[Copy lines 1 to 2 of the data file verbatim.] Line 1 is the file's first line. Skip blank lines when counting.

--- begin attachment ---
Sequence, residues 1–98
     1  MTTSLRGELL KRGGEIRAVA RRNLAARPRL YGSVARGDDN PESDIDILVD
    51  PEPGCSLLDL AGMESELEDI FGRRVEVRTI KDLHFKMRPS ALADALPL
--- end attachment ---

Sequence, residues 1–98
     1  MTTSLRGELL KRGGEIRAVA RRNLAARPRL YGSVARGDDN PESDIDILVD